The mayor of Richmond declined to comment on the lawsuit Thursday, but will hold a news conference Friday along with the lawyer the city has hired, Joe Cochet and his law firm out of Burlingame.
On August 6 at 6:15 in the evening, a corroded pipe in a crude oil unit ruptured. The fire and smoke blanketed the skies over Richmond sending more than 15,000 residents to hospitals. They were having trouble breathing and complained about other respiratory problems. Thousands filed individual claims against the giant refinery.
The Richmond City Council first broached the idea in May of hiring lawyers to sue Chevron. Instead, they decided to continue trying to reach a settlement out of court, but councilmember Jim Rogers told ABC7 News that Chevron was a tough opponent. "They're not an easy company to negotiate with. They hold their cards close to the chest. They play hard ball," he said.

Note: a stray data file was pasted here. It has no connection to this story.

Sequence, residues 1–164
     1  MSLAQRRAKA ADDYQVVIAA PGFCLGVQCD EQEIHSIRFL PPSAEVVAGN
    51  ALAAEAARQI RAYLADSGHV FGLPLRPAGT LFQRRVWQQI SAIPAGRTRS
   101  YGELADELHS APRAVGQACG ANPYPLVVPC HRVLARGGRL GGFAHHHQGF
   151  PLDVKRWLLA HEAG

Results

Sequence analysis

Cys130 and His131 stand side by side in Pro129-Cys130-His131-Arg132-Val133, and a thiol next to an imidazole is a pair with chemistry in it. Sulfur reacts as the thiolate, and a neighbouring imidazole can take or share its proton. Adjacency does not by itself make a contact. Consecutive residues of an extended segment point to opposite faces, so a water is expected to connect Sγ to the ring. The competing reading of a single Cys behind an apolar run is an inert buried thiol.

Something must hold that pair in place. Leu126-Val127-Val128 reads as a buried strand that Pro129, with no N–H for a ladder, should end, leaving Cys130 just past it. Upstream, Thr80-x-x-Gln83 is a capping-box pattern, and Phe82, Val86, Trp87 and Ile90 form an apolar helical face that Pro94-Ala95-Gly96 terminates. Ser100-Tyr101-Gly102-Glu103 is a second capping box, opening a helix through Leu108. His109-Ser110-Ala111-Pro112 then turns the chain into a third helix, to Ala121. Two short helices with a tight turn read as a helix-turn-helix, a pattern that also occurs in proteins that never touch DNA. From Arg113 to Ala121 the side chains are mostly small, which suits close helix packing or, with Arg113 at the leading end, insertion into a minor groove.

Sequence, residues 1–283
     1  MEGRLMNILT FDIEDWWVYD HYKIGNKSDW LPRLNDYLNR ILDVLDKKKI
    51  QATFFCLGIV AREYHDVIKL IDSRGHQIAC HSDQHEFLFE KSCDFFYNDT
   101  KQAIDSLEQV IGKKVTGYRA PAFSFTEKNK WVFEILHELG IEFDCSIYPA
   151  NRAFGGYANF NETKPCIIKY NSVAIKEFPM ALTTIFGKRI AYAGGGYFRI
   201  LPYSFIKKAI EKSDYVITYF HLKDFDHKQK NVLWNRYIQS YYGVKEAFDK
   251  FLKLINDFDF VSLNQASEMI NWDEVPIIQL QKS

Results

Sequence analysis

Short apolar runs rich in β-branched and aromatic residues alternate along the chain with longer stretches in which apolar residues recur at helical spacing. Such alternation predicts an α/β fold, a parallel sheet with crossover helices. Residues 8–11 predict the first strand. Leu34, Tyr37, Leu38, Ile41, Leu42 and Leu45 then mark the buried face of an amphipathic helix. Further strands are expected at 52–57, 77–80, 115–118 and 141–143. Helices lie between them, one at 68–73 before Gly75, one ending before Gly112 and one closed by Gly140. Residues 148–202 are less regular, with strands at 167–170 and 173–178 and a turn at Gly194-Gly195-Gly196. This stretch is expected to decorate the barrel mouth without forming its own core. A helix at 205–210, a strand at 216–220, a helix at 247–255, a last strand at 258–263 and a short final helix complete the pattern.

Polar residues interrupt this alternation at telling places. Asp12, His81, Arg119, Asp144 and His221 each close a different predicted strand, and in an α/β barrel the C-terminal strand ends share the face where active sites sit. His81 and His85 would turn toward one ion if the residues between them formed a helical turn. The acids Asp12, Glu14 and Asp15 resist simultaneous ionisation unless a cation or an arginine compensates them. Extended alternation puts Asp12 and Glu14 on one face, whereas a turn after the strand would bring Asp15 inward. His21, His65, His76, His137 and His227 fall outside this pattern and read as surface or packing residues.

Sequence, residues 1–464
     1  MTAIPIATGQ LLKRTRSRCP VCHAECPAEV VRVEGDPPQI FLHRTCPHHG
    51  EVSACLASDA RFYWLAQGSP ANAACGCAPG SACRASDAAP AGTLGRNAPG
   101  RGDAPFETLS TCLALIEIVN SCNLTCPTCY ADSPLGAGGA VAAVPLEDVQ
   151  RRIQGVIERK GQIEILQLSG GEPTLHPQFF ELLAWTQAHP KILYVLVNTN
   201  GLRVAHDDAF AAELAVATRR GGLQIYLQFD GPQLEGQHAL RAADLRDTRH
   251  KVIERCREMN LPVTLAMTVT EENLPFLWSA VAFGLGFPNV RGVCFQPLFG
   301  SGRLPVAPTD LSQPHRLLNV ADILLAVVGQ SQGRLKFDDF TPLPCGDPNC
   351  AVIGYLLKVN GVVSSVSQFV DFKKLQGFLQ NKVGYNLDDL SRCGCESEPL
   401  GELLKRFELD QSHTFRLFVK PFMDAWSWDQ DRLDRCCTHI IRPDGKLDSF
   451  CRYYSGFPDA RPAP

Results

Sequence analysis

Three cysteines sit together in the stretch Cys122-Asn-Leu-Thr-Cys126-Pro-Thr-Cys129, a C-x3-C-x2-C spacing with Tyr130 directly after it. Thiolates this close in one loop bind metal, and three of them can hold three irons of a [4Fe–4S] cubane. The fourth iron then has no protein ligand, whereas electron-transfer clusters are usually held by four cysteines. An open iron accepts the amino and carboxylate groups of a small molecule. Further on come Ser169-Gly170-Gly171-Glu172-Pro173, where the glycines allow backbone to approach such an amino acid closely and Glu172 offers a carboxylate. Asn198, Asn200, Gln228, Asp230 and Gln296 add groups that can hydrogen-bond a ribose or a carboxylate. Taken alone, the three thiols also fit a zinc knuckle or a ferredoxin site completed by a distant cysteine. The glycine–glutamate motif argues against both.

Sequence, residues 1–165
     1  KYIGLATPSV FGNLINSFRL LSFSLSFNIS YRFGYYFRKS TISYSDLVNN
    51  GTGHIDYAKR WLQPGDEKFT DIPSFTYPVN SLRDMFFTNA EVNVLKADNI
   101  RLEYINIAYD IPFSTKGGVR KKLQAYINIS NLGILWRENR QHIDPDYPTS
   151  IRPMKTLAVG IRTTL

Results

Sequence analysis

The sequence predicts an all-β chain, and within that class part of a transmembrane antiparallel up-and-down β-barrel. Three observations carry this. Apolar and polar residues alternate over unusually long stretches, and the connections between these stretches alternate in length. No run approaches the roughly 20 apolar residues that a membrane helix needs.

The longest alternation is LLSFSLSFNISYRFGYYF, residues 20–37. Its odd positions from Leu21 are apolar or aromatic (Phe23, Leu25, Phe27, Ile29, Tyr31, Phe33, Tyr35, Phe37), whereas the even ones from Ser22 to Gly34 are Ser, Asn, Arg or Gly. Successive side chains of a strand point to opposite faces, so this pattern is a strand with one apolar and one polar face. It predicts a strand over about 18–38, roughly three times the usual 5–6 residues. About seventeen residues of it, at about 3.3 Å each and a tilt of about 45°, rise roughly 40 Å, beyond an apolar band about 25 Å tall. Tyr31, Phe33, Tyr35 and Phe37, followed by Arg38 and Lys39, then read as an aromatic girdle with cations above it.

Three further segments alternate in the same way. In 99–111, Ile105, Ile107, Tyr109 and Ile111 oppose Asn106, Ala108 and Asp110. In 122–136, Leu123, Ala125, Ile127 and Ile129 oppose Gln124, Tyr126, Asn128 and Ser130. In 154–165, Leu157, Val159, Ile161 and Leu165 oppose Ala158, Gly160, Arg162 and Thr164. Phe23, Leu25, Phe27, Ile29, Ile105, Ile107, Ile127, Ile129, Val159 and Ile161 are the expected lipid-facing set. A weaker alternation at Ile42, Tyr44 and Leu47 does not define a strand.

Both sides were too far apart. Two weeks ago, councilmembers voted to hire the Burlingame law firm. Community activist Andres Soto, with Communities for a Better Environment," believes it's time a lawsuit was filed against Chevron.
"Chevron owes the people of Richmond as well as the city of Richmond literally, hundreds of millions of dollars based on the damage they've done to our community over time, not just the August 6, 2012 toxic explosion and fire," he said.
The lawsuit asks for damages for the cleanup and emergency response as well as the impact the fire had on property values and on the environment.
Chevron responded to ABC7 News inquiries with a statement saying, "We cannot comment on the merits of a lawsuit that we have not yet seen, but we believe the decision to pursue such a suit is a waste of the city's resources and yet another example of its failed leadership."